Metaphors Inside Containers

A few weeks ago I described a few metaphors derived from the outside of containers such as Scott Walker dropping out of the 2016 election. Today I offer the opposite set of metaphors – those derived from descriptions of inside containers. Please let me know if you have any comments or questions.

Inside the container

Inside St. Vitus Cathedral in Prague, Czech Republic
Inside St. Vitus Cathedral in Prague, Czech Republic


                  One of the most common metaphors is when we talk about abstract ideas being in containers. We have many expressions such as being in politics, in the news, in the middle of the problem, etc.

Example: Sarah Palin was thrown into the middle of American politics when John McCain picked her as his vice-president candidate. 

take it all in

                  When a person tries to learn something complicated, it is difficult to understand everything. In these cases, we say it is hard to take it all in, as if we are putting the information into a container.

Example: During presidential debates, some of the policy discussions get so complicated, it is hard for average Americans to take it all in.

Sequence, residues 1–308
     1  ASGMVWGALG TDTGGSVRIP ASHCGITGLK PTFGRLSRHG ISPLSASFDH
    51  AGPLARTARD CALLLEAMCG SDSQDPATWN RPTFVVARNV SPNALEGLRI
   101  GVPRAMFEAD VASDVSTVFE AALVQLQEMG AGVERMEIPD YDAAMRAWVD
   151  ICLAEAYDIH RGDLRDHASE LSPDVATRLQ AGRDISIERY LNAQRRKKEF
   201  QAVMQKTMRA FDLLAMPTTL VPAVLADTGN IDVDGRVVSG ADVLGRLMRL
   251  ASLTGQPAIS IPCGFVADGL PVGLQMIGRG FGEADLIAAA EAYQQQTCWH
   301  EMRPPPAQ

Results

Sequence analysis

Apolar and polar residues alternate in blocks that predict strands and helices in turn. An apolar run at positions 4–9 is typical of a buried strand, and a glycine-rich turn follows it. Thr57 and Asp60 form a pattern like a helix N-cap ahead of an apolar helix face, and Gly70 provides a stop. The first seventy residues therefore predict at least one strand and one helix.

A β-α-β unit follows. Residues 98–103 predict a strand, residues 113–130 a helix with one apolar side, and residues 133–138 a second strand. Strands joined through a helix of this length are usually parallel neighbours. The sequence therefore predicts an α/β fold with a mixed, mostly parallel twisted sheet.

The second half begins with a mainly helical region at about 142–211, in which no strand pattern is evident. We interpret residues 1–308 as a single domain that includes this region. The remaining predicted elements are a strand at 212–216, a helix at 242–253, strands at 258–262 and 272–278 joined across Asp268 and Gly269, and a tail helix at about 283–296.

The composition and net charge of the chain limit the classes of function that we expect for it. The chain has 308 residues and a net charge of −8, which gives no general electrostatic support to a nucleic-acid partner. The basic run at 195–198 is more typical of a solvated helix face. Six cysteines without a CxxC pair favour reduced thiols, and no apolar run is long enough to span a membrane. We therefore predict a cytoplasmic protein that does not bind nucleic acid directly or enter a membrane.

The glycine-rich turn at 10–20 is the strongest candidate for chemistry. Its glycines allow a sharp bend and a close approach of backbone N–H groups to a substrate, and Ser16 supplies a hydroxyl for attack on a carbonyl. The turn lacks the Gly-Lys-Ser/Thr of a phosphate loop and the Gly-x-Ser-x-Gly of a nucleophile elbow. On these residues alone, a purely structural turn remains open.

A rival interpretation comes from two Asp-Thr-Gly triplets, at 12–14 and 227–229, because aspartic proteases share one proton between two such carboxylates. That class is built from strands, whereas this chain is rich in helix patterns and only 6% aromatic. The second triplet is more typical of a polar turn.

blog - containers - Ship_in_bottleinside

                  In politics, reporters try to understand the details of politicians’ offices, policies, programs, staff problems, etc. This is called getting the inside information.

Example: During a presidential election, reporters ask many questions of candidates so they can get inside the campaign and find out what is really going on.


                  An insider is someone who lives or works inside a certain area or institution. A person can be a White House insider, or a Washington insider, for example. Politicians who live in Washington D.C. are sometime called beltway insider because of the ring of highways around that city.